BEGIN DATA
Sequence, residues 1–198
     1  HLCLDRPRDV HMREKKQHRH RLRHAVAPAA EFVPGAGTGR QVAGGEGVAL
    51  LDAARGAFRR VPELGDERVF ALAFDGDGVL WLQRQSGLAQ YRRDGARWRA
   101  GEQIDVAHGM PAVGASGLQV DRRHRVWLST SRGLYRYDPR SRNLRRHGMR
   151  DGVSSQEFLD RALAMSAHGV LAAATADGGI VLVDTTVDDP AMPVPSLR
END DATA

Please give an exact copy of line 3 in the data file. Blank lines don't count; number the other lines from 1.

    51  LDAARGAFRR VPELGDERVF ALAFDGDGVL WLQRQSGLAQ YRRDGARWRA